“An Accomplished Piece of Work”: The Quiet Zone Review

When we commute alone late at night our worst fear is that we are either being stalked or going to be attacked. And that’s what The Quiet Zone is essentially: a person’s worst nightmare.  It is quite common that we find ourselves alone at night and start seeing things because of our consciousness. Writer/director, Andrew Ionides feeds off of this fear, adds it to an every day scenario, and what we get as a result is a disturbing and hypnotic film.

The story is about a woman, played by a brilliant and engaging Jessica Bayly, who asks an annoying commuter to be quiet because they’re in The Quiet Zone. When she gets off the train, she begins to suspect that the annoying person didn’t take their earlier interaction too lightly. Simple premise? Yes, but with some wonderful direction and a script full with unpredictable twists, Lonides takes the ordinary and makes it extraordinary.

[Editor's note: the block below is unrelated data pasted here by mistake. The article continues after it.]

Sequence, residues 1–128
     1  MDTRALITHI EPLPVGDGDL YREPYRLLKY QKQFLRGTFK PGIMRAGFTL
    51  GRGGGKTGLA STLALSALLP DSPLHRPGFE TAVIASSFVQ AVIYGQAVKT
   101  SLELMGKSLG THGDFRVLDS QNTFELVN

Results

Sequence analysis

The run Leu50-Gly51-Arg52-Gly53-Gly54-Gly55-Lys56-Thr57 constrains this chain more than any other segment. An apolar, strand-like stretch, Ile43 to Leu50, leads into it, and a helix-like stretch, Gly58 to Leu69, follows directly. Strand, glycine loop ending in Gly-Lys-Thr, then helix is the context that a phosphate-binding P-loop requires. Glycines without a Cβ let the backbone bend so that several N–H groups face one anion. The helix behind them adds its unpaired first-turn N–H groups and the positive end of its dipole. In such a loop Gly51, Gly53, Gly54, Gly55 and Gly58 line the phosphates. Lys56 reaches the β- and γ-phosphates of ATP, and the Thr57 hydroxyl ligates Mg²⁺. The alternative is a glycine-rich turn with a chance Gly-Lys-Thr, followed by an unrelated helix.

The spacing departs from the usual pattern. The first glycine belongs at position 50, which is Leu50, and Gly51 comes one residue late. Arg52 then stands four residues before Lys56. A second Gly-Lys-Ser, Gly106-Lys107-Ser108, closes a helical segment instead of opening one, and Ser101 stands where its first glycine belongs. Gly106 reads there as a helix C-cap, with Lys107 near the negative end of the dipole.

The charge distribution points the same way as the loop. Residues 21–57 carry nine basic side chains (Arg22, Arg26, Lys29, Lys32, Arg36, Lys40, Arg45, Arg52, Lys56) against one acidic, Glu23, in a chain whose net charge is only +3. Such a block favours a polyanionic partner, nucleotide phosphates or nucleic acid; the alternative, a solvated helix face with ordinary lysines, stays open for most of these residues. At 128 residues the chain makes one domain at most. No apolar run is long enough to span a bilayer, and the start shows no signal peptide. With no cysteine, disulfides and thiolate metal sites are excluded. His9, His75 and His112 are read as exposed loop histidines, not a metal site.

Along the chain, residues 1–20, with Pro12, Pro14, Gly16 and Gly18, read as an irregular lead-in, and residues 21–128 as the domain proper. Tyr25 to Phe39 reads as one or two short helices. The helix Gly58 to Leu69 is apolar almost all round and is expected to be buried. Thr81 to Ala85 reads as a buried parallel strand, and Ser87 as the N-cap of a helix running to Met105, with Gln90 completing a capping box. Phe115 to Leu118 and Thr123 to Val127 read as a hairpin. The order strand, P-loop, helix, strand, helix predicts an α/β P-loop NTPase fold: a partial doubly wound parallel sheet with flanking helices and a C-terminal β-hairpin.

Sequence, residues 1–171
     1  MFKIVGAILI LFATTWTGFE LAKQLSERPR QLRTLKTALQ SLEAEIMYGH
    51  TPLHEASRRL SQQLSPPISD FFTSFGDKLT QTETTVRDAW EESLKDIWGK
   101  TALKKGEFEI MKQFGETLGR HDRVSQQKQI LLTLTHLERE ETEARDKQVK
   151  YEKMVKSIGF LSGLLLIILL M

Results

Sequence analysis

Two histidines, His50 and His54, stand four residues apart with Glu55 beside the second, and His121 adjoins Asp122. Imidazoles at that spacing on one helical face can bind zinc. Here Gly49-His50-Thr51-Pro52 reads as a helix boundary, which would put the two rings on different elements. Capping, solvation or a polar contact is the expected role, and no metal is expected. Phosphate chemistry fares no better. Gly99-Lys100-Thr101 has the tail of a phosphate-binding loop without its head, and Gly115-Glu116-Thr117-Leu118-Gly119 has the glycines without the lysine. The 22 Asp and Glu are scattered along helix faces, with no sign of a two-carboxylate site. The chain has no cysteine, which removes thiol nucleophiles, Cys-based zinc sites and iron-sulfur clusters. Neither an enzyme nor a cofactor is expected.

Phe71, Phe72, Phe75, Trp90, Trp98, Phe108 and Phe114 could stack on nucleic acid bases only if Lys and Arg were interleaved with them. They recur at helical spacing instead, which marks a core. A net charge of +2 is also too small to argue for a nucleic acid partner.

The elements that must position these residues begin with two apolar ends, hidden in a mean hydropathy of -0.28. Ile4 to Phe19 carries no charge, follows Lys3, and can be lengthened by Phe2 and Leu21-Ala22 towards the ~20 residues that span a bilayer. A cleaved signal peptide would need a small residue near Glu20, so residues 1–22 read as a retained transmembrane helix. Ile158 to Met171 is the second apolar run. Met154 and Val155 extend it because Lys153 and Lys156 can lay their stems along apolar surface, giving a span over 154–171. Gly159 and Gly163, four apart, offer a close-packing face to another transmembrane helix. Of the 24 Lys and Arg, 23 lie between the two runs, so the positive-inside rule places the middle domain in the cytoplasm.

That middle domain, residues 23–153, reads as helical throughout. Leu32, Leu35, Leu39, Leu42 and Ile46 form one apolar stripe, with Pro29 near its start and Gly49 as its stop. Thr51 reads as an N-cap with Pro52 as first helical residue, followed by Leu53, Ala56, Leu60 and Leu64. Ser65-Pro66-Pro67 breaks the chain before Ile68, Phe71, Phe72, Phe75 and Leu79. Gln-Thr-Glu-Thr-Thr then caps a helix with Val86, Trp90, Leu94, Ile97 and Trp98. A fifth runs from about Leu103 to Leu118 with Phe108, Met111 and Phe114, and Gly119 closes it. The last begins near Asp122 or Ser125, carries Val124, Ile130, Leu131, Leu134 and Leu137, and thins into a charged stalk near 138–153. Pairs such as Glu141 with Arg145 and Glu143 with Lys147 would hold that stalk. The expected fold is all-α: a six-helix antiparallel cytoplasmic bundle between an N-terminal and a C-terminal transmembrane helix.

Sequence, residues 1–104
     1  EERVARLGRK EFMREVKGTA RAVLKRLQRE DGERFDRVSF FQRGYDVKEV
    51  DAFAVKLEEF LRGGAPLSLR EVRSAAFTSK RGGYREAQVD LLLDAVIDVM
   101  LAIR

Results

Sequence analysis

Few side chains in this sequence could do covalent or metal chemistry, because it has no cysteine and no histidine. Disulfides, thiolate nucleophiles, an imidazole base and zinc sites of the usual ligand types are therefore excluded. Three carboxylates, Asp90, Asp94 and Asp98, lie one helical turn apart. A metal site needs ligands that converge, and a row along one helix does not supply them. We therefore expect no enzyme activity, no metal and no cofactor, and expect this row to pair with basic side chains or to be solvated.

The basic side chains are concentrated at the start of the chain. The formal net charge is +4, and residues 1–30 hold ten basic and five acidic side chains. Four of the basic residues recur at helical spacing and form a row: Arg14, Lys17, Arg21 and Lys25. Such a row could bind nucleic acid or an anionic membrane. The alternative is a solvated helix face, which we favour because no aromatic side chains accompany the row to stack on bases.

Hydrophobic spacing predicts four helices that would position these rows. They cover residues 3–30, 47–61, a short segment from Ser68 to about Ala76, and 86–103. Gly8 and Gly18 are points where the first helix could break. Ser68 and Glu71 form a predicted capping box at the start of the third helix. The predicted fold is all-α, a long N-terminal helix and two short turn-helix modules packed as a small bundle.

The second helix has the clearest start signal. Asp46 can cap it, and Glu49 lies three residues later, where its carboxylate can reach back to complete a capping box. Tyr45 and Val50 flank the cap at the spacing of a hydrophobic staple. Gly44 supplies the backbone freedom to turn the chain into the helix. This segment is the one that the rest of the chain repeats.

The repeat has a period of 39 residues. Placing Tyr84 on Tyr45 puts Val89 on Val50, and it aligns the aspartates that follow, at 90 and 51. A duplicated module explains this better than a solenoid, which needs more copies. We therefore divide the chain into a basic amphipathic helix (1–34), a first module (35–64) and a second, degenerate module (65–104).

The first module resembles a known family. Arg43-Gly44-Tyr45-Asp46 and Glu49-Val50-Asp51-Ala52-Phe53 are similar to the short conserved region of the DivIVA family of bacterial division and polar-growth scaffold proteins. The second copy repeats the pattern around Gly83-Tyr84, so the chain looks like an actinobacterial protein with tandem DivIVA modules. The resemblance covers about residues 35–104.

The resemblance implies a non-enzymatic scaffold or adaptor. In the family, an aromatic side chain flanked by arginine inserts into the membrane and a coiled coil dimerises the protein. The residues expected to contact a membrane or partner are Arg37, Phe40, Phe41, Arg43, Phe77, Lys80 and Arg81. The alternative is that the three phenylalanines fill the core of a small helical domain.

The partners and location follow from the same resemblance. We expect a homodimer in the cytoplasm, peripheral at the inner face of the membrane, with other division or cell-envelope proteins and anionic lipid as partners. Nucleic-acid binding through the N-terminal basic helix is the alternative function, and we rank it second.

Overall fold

It’s simple: the film makes you uneasy, and there is always a sense of dread when you are watching it. That’s a testament to the excellent camera work which allows the film to build up suspense. Not only that, but Jessica Bayly’s brilliant performance engages the viewer. You fear for her and have actual concern for safety.

The Quiet Zone is what a horror film should be — scary, terrifying and engaging. Andrew Ionides has made such an accomplished piece of work, and to do it in such a short amount of time, too, is outstanding. We’re curious as to what he has to offer next time around. Keep an eye out for him.

The Quiet Zone via Screamfest:


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